Ecclesiastes 3:2a,4 - [There is] a time to be born, and a time to die; A time to weep, and a time to laugh; a time to mourn, and a time to dance...
I went to a funeral service at church Thursday morning for a man I didn't know. I had volunteered to help set up food for the luncheon afterward but for reasons only God knew I ended up at the service!
I don't know his wife either other than seeing her smiling face as a greeter on some Sunday mornings. Our pastor, Rory Grooters, Victory International Fellowship, did the service. His message, or retelling of this man's life and circumstances leading to his death were so tender and yet so real. As it should be. Real. It touched me (and others who didn't know him well) very deeply.
Pastor minced no words as he told how he became friends with this man two years ago when he started his pastorship with our church. He had been in the hospital, ICU, rehab, and back in the hospital for seven weeks with a rare form of pneumonia. The illness got the better of him and in the end he was on a respirator, his heart and lungs failing. He would not survive.
As Pastor explained his last visit at the hospital with this man and his family, he explained how he was holding his hand and praying and reciting or paraphrasing scriptures to him and the family. He knew this man's heart was not going to recover. These were his last minutes.
One of the scriptures that came to mind was the one in Ecclesiastes above. He quoted it to the man. It's not the most comforting one but it is real. It's true for all of us.
There is a time to live and a time to die, Pastor said to us. It's how you live those years in between that matter most. And most importantly, as I see it, how the last years of our lives are lived out.
He described a bit this man's life, how his father died when he was quite young, how he had been placed in a boy's home growing up, how he admitted once to his wife how he had never really felt he'd been loved.
In time he became an abusive alcoholic. Those were tough years. But his wife stuck by his side. But somehow in 1995 this man came to know a love unlike any other. He came to know the love of Jesus Christ. He had given his life to Jesus and a transformation began to take place. The pain of his past, his alcoholism and abusiveness changed him into a kind hearted teddy bear of a man who people did not recognize anymore or would never have guessed was the type of man he had been. The love of Christ came out instead. He will forever be remembered not as he once had been but for who he had become in later years through his life in Christ.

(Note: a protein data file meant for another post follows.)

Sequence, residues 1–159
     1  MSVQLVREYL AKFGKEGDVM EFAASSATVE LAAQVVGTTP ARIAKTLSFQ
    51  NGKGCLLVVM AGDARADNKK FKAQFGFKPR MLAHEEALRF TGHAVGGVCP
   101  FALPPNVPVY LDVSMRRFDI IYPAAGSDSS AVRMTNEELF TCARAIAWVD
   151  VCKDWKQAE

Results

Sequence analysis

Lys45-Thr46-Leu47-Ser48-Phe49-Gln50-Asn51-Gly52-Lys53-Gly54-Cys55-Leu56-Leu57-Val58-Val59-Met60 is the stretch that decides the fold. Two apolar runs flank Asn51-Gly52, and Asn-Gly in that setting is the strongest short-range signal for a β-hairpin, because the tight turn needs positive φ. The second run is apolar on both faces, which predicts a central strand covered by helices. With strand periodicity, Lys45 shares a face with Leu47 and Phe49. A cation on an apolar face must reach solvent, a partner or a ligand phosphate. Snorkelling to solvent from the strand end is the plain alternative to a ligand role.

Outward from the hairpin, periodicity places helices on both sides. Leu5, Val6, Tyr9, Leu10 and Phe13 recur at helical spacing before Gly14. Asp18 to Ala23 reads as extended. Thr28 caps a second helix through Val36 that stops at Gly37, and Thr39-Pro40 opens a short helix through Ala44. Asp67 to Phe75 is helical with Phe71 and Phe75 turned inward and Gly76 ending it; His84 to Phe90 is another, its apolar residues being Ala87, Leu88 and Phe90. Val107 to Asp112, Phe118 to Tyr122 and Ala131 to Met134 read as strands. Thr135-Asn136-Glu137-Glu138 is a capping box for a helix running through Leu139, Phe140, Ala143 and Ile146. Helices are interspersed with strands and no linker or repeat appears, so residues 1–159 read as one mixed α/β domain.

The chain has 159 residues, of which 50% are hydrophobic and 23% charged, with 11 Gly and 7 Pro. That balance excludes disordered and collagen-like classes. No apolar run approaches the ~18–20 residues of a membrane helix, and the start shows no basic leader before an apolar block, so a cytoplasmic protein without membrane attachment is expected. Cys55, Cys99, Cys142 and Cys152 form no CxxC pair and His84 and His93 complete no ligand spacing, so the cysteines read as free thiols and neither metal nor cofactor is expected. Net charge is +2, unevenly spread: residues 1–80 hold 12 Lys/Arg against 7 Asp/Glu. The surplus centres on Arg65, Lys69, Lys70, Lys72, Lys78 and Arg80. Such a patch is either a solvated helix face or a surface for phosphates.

You see, Christ has the power to change hearts and souls. He takes the stony heart filled with anger, bitterness, shame and guilt over others' mistakes toward us or our own sinful life choices and replaces it with a heart of flesh able to be set free from that anger, bitterness, shame or guilt...or anything else we carry as baggage.
Then pastor described the man's tensing up when he was told he would not recover, that his heart and lungs were failing. But comforting words about what lay ahead for him because of Jesus was a comfort to him and he relaxed and allowed himself to go, to be at last in the presence of God.
In our church funerals are not always somber events if we know the spiritual condition of the departed. They are celebrations of the new life in Christ, with the new hope ahead in standing face to face with Jesus. Sitting by His side without pain, sorrow or tears. It almost brings a hint of jealousy to those who still remain.
Yes, there is grief in losing someone. Yes, there will still be days feeling the loss. There will be a time of transition living without that person's company. Routines will be different. But during this time of healing there is one thing that remains: knowing that there was a time in that person's life when Jesus became the focal point and that eternal security is secure...and one day they will meet again, where Jesus' face, as Pastor Rory often states, replaces our faith. Oh, heavenly day! May we all know that joy in our own hearts.
It is said that unless a grain of wheat falls into the ground and dies it only remains a seed, but if it dies it produces many seeds (John 12:24). I wonder how many seeds were produced at this man's dying? How many hearts will turn to Christ and lives be changed because of one whose seeds are produced by those who die in our lives...and words of life are spoken instead of words of sorrow at the gathering of family and friends for the dearly departed?
God has given us His Son that we may have the hope of eternal life but it is up to us to receive Jesus by faith, confess our sins directly to Him, ask Him to forgive us...and then seriously follow after Him so we can have the assurance of the same life in Christ on earth and also with Christ in heaven. I know which choice I have made. Do you?
2 Samuel 14:14 - Like water spilled on the ground, which cannot be recovered, so we must die. But God does not take away life; instead, he devises ways so that a banished person may not remain estranged from him.